- Research
- Open Access
Transmission priority scheme with adaptive backoff technique in fiber-wireless networks
- Wan Hafiza Wan Hassan^{1, 2}Email author,
- Horace King^{1},
- Shabbir Ahmed^{1} and
- Mike Faulkner^{1}
https://doi.org/10.1186/s13638-015-0323-4
© Wan Hassan et al.; licensee Springer. 2015
Received: 4 November 2014
Accepted: 8 March 2015
Published: 3 April 2015
Abstract
This paper considers the realization of fiber-wireless (Fi-Wi) networks using the gigabits passive optical network (GPON) and the infrastructure-based wireless local area network (WLAN). The bottleneck of such hybrid system is the WLAN where interference limits the performance. As such, we focus on enhancing the WLAN performance by analytically deriving the optimum contention window (CW) sizes of access points (APs) and wireless users (WUs), respectively. An adjustable transmission priority factor is introduced to allow uplink-downlink transmission fairness. Further, an adaptive backoff technique using information from monitoring the GPON and WLAN networks is proposed. Simulations show the CW sizes of all WUs are maintained within a standard deviation of 1.5% at a cost of a 3% loss in throughput due to the effect of convergence and other estimates.
Keywords
- Fi-Wi networks
- WLAN
- GPON
- Contention window (CW)
- Adaptive backoff
- Access point (AP)
- Wireless user (WU)
1 Introduction
Fiber-wireless (Fi-Wi) networks combine the capacity of optical fiber networks with the ubiquity and mobility of wireless networks [1-7]. The use of energy-efficient and stable passive optical splitters makes them the favored choice among other fiber-to-the-home (FTTH) technologies. Gigabits passive optical network (GPON) and Ethernet passive optical network (EPON) are the major standards in PONs. In comparison to EPON, the current GPON offers higher capacity per user and allows more users per PON [8]. This makes GPON more attractive, and hence, it is adopted by major telecommunications service providers (e.g., National Broadband Network (NBN) in Australia and Ultra-Fast Broadband (UFB) network in New Zealand [9]).
However, the increasing number of wireless terminals within households, especially in dense urban and sub-urban areas, results in dominant interference or congestion issues in WLANs. Such congestions occur when a WLAN channel is shared by many users. Hence, the scope of this paper is fully focused on the WLAN performance where multiple APs are connected through GPON at close proximity to each other and share one single channel to serve their respective wireless users (WUs).
WLAN adopts the IEEE 802.11 standard which specifies the distributed coordination function (DCF) as its main medium access control protocol. DCF is a random access scheme, based on the carrier sense multiple access with collision avoidance (CSMA/CA) [12]. This protocol only allows a station to initiate a transmission after it senses the channel is unoccupied for a period defined as DCF interframe space (DIFS). If the channel is sensed busy either immediately or within the DIFS period, the station keeps on listening on the channel until it is sensed idle for a DIFS period. Consequently, the station generates a backoff interval which is randomly chosen from the backoff window (known as contention window (CW) size) [13]. The window size begins with a minimum CW size, and it is doubled at each retransmission up to a maximum CW size. Retransmission takes place whenever there is a packet collision, indicated by the absence of acknowledgment frame (ACK) from the receiver. This backoff algorithm is known as binary exponential backoff (BEB) technique [12].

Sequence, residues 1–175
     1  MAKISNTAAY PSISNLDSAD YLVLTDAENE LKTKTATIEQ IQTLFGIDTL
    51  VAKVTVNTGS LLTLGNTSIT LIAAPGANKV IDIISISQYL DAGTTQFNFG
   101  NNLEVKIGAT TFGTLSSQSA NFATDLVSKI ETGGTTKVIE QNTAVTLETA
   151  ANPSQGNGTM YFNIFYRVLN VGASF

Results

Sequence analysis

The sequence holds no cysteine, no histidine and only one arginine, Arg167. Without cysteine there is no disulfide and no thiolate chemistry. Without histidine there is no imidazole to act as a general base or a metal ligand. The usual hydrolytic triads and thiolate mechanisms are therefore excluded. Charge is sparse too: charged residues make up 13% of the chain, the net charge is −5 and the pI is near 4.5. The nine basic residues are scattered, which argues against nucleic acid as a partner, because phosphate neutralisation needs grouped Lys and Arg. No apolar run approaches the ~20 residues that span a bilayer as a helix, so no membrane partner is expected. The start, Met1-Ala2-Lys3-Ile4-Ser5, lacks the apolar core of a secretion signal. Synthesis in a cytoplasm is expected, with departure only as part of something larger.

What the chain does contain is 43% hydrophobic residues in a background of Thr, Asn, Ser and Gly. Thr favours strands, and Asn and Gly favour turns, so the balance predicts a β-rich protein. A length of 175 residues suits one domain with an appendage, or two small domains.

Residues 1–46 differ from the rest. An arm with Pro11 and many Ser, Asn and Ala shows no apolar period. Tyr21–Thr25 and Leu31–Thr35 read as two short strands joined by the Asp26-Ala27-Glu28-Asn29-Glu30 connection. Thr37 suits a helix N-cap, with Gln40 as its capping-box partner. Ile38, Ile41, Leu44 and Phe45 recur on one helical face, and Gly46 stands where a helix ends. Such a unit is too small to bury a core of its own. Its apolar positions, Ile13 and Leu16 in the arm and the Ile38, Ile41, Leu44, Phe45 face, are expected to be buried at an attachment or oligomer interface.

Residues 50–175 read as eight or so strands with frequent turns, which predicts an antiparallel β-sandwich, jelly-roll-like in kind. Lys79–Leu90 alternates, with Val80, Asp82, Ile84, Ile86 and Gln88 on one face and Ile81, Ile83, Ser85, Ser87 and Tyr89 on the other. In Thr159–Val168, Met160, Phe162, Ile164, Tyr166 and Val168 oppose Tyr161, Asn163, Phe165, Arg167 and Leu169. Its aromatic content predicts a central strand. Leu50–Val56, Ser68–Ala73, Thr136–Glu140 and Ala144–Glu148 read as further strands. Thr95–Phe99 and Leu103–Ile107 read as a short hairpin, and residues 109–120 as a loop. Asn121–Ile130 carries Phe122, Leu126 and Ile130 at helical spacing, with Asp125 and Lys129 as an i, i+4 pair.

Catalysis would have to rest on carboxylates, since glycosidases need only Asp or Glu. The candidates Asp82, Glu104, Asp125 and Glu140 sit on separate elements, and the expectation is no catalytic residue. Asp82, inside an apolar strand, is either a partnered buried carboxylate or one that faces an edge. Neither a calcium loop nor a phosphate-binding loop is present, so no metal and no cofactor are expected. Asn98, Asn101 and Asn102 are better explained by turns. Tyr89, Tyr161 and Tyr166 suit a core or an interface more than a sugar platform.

It is extensively agreed that the BEB algorithm adopted in the MAC protocol for the IEEE 802.11 standard is the key factor to the WLAN performance degradation [13-22]. There are two major drawbacks found in BEB that cause the network degradation as discussed in [17]. First, the contention window is increased upon transmission failure regardless of the cause of failure. Second, after a successful packet transmission, the contention window is reset to the minimum size, thus forgetting its knowledge of the current congestion level in the network and increasing its collision chances.
Numerous modifications have been proposed in literature to improve the legacy BEB algorithm. In [14], the authors proposed to exponentially increase the CW size when there is a collision and exponentially decrease the CW size when there is a successful transmission, known as the EIED (exponentially increases exponentially decreases) algorithm. The exponential factors are then optimized to get maximum throughput. The proponents of [15] use a more conservative approach; they linearly decrease the CW size when there is a successful transmission. Similarly, [20] proposes to halve the CW size (unlike BEB where the CW size is reset to minimum) to increase the overall throughput. The IEEE 802.11e standard changes the minimum and maximum CW limits in the BEB algorithm to define different quality of service access categories [23,24]. In common, all of the above techniques steadily decrease the CW after a successful transmission to retain the overall network state information. Though this approach may have a positive correlation, it usually falls short of predicting the overall network status.
Previous works in [18] and [19] have shown that if exact knowledge (e.g., number of active stations and packet size) of the network is known, the CW size can be tuned to achieve a protocol capacity very close to its theoretical bound. In reality, it is almost impossible for stations to obtain an exact knowledge of the network, only estimates are likely. Listening to the channel to obtain the average packet length and slot transmission probability (alternatively described as slot utility or number of free slots) is the usual starting point [25].